A free English-speaking club located in Chelyabinsk, Russia


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American idioms and expressions

Like it or not but if you want your speach to sound naturally you have to usethem.

You might keep avoiding them but native speakers wont. And if you are notfamiliar with idioms, every time they come up in a conversation you'll startasking yourself what it means. Meanwhile the conversation will be continuingwithout you. You're out of the loop!

During the period you'll have a chance to check your skills and learn some new idioms and expressions.

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Are you sure you know everything about numerals? Even if it seems pretty simple in English, it's not quite so. Let's see...

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There's an English saying that goes "You can't polish a turd." Despite that, bullshitting (saying nothing meaningful but still sounding profound) has become an art form. Come learn how to talk your way out of answering difficult questions, participate in class discussions when you haven't done the reading, and turn all your bullshit into gold.

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Your accent

A presentation about parts of your accent and how to improve it will be made by a teacher of English from Texas, Chelsea Sanchez.
Here's the presentation (all the links are there inside).

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Never Say Good, Bad or Interesting

You know there are a lot of words in the English language to express your concern, approval, disapproval, amazement, fasination, objection, bewilderment, disgust or benevolence — and you still keep saying “It was interesting”, “This is a good book” or “bad shop”? This period, we are going to discuss these and other common words that could and should be replaced sometimes to make your speech richer and more effective, and do plenty of exercises to adopt the new habit of using these words.

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French borrowings in English: the how and why session

I wonder how you pronounce all those memoir, ballet, etiquette... chalet... viscount...? What? ..Why?!

Let us see how and why.

This period, you will master the pronunciation, spelling and partly understanding of the French borrowings that make a great part of all the mercilessly difficult words of the English language.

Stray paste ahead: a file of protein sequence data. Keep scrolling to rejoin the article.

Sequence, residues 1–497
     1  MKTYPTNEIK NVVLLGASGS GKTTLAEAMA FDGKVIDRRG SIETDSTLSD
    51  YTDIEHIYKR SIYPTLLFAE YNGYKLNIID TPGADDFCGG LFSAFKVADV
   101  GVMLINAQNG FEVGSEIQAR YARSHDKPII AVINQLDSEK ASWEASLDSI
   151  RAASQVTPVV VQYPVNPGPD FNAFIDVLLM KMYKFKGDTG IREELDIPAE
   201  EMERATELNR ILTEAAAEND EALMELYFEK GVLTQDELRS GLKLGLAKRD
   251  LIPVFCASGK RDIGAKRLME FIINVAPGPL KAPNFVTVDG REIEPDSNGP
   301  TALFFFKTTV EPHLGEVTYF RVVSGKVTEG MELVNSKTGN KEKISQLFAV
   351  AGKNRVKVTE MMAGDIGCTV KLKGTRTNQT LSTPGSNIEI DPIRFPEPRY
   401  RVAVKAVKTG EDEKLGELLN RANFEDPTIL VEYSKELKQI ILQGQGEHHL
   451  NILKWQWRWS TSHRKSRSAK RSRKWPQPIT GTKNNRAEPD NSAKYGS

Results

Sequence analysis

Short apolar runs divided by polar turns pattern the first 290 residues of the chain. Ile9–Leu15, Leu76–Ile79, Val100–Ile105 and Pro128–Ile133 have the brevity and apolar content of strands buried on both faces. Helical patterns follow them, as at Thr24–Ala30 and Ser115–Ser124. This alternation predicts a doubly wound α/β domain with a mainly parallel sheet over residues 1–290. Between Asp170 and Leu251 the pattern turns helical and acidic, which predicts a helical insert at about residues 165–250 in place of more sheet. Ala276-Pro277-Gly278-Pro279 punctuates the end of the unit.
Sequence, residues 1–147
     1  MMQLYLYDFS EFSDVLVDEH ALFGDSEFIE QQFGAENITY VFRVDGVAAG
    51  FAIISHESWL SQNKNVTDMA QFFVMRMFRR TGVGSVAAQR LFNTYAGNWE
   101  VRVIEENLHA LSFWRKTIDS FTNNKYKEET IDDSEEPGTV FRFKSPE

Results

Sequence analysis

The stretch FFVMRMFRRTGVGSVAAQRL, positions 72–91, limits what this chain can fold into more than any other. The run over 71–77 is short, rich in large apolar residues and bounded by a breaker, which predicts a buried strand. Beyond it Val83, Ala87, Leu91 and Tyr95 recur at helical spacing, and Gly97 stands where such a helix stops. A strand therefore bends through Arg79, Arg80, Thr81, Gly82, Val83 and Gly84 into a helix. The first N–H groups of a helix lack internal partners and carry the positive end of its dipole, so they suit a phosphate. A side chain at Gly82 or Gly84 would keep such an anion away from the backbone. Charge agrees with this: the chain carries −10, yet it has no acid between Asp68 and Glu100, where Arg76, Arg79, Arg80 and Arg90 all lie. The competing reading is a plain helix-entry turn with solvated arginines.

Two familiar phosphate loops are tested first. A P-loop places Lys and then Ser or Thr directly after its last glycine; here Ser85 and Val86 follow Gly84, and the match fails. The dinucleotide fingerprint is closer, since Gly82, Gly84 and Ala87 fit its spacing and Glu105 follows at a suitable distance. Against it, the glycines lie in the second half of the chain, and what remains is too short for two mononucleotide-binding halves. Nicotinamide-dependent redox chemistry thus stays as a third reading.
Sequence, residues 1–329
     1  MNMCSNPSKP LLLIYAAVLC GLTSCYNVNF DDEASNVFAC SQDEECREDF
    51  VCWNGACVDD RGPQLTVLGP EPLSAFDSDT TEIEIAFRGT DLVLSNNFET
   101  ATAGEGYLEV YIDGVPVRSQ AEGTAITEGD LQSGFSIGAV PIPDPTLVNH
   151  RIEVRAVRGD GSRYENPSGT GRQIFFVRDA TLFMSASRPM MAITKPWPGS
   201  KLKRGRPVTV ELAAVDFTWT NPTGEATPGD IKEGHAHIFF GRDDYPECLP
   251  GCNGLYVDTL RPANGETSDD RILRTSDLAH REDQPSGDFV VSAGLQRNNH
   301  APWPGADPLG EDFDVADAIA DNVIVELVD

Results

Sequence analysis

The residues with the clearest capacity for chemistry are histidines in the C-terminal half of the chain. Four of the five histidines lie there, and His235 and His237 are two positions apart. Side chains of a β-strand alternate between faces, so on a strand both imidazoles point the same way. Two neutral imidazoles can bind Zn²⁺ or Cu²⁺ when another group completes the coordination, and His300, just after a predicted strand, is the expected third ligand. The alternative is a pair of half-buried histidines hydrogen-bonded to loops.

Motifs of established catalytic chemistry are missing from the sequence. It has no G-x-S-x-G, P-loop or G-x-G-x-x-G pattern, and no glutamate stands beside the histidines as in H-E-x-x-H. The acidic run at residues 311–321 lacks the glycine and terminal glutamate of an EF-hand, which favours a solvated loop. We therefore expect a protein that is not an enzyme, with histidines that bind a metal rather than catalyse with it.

BONUS: another session of the "Dearest creature in creation" attempts for those, who haven't given it up. 

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«How Do You Call This?» Quiz

Ever wondered how they called simple things like a grater in English? Sure!

Checked in the dictionary every time? Let us see...

The quiz will contain several dozens of questions about names of everyday life objects. Everyone takes part; the winner gets a prize, so don't be late!

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photo by Luke Hayfield PhotographyEver heard about Scrabble? If not, this meeting is a must! Scrabble is a worldwide popular table game about forming words from letter tiles that one draws randomly from the tile bank. Read more on Wikipedia or better come and try it yourself!

“Yeah, right, how do we twenty play this game for four?” you will ask. Well, first, there are enough tiles for everyone, so that we all can try. Second, Duplicate Scrabble (check it out). 

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Quiz: Slang

Cool, hot, lol, ROFL — you use these sometimes, don't you? Exactly, and in Russian you use even more slang than you think. We won't discuss it this time, but we'll check how deep is your knowledge of the commonly used English slan. Join us!

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Presentation: New Words in Englilsh

English is a living language, and it changes overtime. The English you learned at school is slightly different from the one you use now. In fifty years it might change dramatically.

In fact, it is changing now. Every day, as English is spoken by billions of people on the planet, new words are coined, grammatical changes are simmering, even sounds are slightly different, but centuries will pass until we notice that. So let us speak about the fastest changing part of English, its vocabulary, and see some brand new words that appeared recently.